12 things we learned from unpublished 1971 Bob Dylan interview
Bob Dylan changed his surname from Zimmerman because he feared possible anti-Semitism. He didn’t mind being booed at the 1965 Newport Folk Festival. And he wrote “Lay Lady Lay” for Barbra Streisand.Those are among the revelations in a previously unpublished 1971 interview he did with his pal Tony Glover, the influential Minneapolis musician, writer and collector. Although Dylan was known for being cagey with the media, he was very straightforward with Glover, whom he knew from their Twin Cities coffeehouse days circa 1959.Rolling Stone has done a deep dive into the three-and-a-half-hour interv...
Star Tribune (Minneapolis)
Red Sox start interviews for new skipper
BOSTON — The Red Sox reportedly have started the process of hiring their next manager.A pair of updates Thursday from MLB.com and The Boston Globe have linked the club with Cubs third-base coach Will Venable and Pirates bench coach Don Kelly.Boston has interviewed both Venable and Kelly, according to each outlet. The Red Sox are coming off a 24-36 season that landed them in last place in the American League East. It marked the fourth time since 2012 that Boston has occupied the division basement, and the club opted not to exercise Ron Roenicke’s team option for 2021.Venable was an outfielder w...
The Providence Journal (Providence, R.I.)
Cholera arrived in Haiti 10 years ago. Victims are still waiting for compensation
It started as rumor: farmers in Haiti’s Artibonite Valley were dying after drinking unchlorinated water from the Artibonite River, becoming dehydrated and suffering severe diarrhea.Haiti’s health ministry, on guard for an outbreak after the devastating Jan. 12, 2010, earthquake left more than 300,000 dead and 1.5 million homeless nine months earlier, suspected it could be cholera, the deadly waterborne disease. The representative of the Pan American Health Organization, however, dismissed the possibility. The mortality rate, he told journalists, was too high.Specimens were eventually taken on ...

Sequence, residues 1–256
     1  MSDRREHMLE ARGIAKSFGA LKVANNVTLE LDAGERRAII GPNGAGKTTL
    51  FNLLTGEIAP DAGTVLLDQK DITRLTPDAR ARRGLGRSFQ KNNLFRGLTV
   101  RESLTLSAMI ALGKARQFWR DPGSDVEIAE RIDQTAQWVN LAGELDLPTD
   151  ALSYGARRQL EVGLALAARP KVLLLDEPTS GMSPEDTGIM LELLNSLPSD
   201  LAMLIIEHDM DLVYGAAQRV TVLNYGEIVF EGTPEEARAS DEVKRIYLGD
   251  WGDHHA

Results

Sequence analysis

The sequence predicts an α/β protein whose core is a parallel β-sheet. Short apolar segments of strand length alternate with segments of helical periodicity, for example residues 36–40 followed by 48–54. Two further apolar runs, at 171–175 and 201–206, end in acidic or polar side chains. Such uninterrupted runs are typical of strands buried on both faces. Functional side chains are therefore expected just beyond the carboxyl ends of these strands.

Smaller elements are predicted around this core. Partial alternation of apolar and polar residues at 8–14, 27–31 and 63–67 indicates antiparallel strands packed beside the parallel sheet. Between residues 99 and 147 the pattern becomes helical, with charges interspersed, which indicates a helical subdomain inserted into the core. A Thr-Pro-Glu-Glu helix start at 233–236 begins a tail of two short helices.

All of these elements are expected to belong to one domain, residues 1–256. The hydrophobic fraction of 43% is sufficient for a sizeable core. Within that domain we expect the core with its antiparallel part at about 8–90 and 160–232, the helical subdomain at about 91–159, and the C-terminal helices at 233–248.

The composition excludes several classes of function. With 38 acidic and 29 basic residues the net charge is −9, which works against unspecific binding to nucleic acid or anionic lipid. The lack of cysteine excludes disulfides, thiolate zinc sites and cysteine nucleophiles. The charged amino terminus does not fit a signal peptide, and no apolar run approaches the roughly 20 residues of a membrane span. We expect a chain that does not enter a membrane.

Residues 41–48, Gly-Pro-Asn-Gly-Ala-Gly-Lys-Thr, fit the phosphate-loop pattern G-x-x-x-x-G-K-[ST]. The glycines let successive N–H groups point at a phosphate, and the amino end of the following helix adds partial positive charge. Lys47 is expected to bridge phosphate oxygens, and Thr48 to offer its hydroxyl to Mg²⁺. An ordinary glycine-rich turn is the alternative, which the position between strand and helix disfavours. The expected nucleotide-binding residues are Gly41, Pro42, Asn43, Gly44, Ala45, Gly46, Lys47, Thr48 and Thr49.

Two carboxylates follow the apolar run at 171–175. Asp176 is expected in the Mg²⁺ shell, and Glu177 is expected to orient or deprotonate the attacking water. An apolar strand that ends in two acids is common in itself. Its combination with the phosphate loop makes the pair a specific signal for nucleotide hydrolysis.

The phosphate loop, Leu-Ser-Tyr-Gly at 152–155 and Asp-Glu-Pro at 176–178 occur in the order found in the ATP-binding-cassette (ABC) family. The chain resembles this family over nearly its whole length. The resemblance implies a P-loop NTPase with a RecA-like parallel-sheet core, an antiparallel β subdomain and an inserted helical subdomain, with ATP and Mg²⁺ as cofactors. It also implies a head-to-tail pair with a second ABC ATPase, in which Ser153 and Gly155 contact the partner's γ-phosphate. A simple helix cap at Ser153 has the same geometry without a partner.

Michigan border sees 1,700% increase in drug seizures amid pandemic
DETROIT — U.S. Customs and Border Protection officials say they’ve had an unprecedented year with a 1,700% increase in marijuana seizures and 200% increase in seized firearms during the pandemic.The seizures were conducted by the Detroit Field Office, which oversees the Ambassador Bridge, Detroit Windsor Tunnel, the Blue Water Bridge in Port Huron, the International Bridge in Sault Ste. Marie and the Detroit Metropolitan Airport.From Oct. 1, 2019, through Sept. 30, drug enforcement operations in Michigan’s five ports netted more than 9,000 pounds of marijuana, 211 pounds of cocaine, more than ...
The Detroit News
Dave Hyde: The Patriots dynasty is dead — please pass the popcorn
Ali and Frazier. Chris and Martina. Bird and Magic.Brady and Belichick.This is getting fun from afar, isn’t it?It’s easy to say what’s most fun, too. It’s not Tom Brady, at 43, winning in Tampa Bay, as Benjamin-Button-admirable as that is.It’s Bill Belichick losing in New England. And losing. And losing yet again for a third straight Sunday.The only missing element from the Patriots’ wonderful downfall is the TV networks’ shots of owner Bob Kraft. For two decades we were subjected to his high-fives. What, we’re not allowed to see him numb?Rome wasn’t built in a day, but proof it burned in one ...
Derrick Goold: How Dodgers got a steal in Mookie Betts